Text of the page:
by Tom Isler | January 01, 2008


Last fall, as the city of Hartford, Conn., prepared to welcome the Aircraft Owners and Pilots Association 2007 Expo, H. Scott Phelps, president of the Greater Hartford Convention and Visitors Bureau, estimated that the three-day convention would infuse up to $10 million into the local economy.

How did Phelps come up with that figure? Like number crunchers at most CVBs, he used the ExPact delegate spending study, published in 2004 by the Washington, D.C.-based Destination Marketing Association International, which at the time was known as the International Association of Convention and Visitor Bureaus. Phelps took the projected attendance (10,000 people), multiplied it by the average length of stay per delegate (3.56 days per meeting, according to ExPact) and multiplied that number by the study’s national average for daily expenditures per delegate ($290, which includes lodging, food, transportation, souvenirs, etc.). That yielded $10.3 million. To be conservative, Phelps shaved a little off the top and set the number as an upper limit for the meeting’s potential economic benefit.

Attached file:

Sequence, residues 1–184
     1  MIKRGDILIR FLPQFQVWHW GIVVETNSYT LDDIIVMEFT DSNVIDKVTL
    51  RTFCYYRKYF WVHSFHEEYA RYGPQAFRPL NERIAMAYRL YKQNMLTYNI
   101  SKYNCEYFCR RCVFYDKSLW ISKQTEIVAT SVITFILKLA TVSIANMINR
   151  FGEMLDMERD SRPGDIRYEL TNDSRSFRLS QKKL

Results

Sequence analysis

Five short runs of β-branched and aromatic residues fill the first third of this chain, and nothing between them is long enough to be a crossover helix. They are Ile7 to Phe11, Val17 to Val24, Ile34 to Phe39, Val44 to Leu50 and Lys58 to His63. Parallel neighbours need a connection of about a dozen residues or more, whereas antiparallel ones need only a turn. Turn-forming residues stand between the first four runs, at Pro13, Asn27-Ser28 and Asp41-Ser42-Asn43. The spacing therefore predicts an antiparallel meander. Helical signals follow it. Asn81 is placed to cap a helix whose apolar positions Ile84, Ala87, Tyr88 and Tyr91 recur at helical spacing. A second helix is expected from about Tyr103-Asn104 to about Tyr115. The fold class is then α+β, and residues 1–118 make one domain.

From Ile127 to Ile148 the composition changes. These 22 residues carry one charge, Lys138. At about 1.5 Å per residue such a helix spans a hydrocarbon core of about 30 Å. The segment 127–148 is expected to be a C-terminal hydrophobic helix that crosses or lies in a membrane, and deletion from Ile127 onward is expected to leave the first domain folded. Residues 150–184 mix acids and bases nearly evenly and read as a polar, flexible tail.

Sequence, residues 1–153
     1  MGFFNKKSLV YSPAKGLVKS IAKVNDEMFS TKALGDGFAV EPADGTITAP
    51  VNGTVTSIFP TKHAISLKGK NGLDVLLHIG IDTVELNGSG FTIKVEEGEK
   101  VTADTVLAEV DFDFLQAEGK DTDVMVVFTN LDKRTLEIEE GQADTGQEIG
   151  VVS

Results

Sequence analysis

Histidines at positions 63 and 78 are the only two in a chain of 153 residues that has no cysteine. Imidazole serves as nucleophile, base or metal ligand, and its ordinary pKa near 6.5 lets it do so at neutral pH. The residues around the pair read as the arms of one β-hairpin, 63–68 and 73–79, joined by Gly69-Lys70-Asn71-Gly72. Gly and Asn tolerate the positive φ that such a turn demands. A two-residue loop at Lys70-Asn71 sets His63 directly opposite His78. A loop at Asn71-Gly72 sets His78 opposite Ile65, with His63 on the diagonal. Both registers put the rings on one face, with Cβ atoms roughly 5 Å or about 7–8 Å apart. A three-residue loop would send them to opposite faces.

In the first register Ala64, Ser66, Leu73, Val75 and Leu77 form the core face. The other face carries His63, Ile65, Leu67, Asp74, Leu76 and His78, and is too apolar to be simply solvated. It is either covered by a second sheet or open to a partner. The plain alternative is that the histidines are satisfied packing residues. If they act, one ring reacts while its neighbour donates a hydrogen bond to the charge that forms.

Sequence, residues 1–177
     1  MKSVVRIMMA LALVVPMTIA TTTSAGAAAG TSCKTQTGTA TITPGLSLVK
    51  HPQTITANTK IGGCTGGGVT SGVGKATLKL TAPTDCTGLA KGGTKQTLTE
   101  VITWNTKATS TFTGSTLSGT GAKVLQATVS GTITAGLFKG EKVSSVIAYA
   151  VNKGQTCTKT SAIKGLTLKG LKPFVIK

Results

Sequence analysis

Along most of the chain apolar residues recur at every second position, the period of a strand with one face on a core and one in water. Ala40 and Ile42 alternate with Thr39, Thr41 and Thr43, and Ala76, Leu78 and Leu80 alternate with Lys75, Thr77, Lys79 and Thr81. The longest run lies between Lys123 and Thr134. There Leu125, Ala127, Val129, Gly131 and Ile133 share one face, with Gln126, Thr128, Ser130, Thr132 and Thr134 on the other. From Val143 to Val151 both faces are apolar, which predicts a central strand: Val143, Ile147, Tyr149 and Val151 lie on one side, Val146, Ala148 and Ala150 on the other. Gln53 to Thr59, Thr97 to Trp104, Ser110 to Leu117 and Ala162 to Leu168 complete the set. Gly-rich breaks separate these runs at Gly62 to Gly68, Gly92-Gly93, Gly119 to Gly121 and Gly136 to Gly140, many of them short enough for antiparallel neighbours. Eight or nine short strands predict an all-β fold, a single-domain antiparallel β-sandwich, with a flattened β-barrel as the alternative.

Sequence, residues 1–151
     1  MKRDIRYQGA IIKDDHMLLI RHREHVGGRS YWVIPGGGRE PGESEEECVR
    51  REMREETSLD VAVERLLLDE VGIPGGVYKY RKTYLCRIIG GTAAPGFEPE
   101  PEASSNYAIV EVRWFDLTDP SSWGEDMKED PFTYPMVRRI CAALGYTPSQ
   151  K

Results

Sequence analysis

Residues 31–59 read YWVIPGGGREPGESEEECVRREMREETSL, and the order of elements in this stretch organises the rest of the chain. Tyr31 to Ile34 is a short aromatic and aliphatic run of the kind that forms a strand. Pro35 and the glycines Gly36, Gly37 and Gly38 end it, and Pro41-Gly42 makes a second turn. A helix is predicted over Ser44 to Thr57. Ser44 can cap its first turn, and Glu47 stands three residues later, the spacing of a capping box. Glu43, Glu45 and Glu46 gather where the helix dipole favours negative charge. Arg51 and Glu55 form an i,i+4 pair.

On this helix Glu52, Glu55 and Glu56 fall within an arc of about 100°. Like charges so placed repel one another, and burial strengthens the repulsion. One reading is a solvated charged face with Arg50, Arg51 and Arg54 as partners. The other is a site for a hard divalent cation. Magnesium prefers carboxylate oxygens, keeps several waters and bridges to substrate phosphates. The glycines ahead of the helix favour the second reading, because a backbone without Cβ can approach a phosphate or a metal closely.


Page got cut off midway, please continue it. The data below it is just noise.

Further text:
“It’s very important,” Phelps says of estimating a convention’s value. “In some cases, you’re putting incentives out there for groups to choose your city, and to do that you have to look at the return on investment.”

Estimates of direct delegate spending or a meeting’s overall economic impact are the backbone of the meetings industry. Many convention centers are allowed to operate at a loss because the revenue and tax money meetings generate outside of the convention centers outweigh the cost of running the facilities.